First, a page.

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LA Theater Review

Square One

In the wake of swirling public dismay over the current administration's penchant for keeping track of citizens' personal lives without approval, Steve Tesich's 1990 comic political satire resonates. With selected pronouncements by George W. Bush added as voiceovers, the absurdist nature of the story hits the mark.

Adam (Alan Bruce Becker) is a state artist third-class. His Patriotic Variety Hour, designed to make people feel happy, is billed as societally concerned. However, tap-dancing and singing to "I've Got the Sun in the Morning" belies any substantive political commentary. He is a perfect foil for an Orwellian world. One day he meets Diane (Lisa Cole), asks her to dance, and proposes. He offers her a second key to his one-and-a-half-room apartment. She claims no one has ever asked her to be a live-in wife before. She shares her living space with many old people who scream in anguish as they watch this new world television, making his offer appealing. She says they have nothing in common, so everything should be perfect.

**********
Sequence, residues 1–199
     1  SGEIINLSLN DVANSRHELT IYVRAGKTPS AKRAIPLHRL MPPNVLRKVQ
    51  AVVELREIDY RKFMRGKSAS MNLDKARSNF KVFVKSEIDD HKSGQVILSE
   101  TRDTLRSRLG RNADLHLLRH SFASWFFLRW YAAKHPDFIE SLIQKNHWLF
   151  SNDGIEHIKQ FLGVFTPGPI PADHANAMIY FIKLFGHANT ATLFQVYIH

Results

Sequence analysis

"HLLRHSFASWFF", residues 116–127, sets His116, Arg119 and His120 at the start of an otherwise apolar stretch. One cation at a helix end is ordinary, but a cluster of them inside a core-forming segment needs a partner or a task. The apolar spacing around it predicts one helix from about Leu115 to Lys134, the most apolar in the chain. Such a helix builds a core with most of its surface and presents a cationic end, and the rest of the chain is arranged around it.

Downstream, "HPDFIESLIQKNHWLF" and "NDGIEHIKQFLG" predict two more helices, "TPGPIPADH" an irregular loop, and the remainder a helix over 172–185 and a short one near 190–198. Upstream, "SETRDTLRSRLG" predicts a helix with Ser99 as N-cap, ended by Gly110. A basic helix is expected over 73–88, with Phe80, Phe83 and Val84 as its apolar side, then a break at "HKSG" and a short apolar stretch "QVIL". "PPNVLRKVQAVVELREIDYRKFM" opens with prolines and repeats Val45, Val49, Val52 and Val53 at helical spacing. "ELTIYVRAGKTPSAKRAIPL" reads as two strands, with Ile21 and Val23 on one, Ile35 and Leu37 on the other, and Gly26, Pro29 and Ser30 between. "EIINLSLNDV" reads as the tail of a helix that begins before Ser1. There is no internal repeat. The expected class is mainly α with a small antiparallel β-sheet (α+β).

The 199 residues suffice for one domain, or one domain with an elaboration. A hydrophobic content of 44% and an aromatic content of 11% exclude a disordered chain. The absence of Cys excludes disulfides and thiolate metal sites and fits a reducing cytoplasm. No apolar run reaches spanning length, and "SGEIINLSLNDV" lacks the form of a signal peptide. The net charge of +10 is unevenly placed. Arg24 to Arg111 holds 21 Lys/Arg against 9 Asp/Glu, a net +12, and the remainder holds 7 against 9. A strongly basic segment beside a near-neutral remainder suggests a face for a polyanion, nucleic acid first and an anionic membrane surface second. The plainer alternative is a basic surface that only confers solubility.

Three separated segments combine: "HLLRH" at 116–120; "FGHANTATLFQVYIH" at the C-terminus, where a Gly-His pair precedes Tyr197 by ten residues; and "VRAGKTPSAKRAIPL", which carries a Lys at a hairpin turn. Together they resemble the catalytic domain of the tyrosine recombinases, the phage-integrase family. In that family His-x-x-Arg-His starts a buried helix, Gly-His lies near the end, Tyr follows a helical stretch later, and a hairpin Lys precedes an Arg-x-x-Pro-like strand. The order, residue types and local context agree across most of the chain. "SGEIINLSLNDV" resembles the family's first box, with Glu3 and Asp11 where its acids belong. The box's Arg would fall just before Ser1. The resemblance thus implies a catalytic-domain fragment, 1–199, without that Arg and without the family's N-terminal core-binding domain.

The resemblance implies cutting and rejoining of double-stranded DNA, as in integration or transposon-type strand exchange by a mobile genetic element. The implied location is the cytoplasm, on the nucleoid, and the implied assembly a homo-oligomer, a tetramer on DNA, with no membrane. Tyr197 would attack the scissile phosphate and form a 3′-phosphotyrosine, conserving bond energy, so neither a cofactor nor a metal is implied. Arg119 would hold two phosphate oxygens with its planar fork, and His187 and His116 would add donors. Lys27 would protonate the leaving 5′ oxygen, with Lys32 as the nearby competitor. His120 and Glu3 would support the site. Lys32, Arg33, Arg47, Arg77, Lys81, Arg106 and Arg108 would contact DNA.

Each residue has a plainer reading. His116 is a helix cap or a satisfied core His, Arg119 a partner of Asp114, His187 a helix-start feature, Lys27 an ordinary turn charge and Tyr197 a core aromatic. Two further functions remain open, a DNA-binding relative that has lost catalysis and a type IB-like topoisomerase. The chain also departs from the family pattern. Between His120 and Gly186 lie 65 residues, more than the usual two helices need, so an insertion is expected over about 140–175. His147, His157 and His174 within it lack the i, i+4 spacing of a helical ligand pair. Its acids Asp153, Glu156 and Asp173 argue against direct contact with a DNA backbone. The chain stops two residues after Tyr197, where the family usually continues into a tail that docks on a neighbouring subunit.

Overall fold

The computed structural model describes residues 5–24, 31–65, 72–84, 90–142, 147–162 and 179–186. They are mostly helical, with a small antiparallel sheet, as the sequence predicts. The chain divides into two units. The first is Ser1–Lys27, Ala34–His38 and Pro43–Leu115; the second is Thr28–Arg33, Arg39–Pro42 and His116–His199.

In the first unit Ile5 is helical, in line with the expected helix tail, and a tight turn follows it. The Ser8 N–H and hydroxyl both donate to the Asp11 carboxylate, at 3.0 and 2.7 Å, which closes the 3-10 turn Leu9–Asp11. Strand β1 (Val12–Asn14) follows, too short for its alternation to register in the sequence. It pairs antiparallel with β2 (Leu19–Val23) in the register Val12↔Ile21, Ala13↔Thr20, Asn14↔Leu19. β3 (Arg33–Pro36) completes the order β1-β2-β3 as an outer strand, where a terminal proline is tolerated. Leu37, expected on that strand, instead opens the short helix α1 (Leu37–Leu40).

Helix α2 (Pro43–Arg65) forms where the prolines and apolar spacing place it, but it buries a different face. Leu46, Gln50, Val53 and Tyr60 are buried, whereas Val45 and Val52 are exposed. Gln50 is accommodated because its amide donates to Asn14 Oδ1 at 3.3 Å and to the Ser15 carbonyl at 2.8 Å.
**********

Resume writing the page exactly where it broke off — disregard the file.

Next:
As the marriage progresses, Adam is perpetually pleasant. Diane doesn't want to bring a baby into this world, but she soon produces one. Lack of communication and separate ambitions cause the dissolution of their marriage. When they meet again later, Adam has been promoted to state artist second-class, but their generic responses to each other are perhaps the most frightening aspect of the play. Director-actor Becker handles the futuristic world with a light touch. Cole's comic timing is a good match for Becker's genial cipher. While many of her responses are nonsensical, she delivers them with a shrewd frustration.

Too many lengthy scene changes detract from the flow of the story. Though costume changes signify the passage of time, they might not be necessary with a savvy audience. Comedy trumps misfortune during the show, but its message provides the audience with provocative afterthoughts.

Presented by Insight America Touring Theater at Company of Angels, 2106 Hyperion Ave., L.A. Thu.-Sat. 8 p.m. Jan. 20-Feb. 26. (323) 960-7784.

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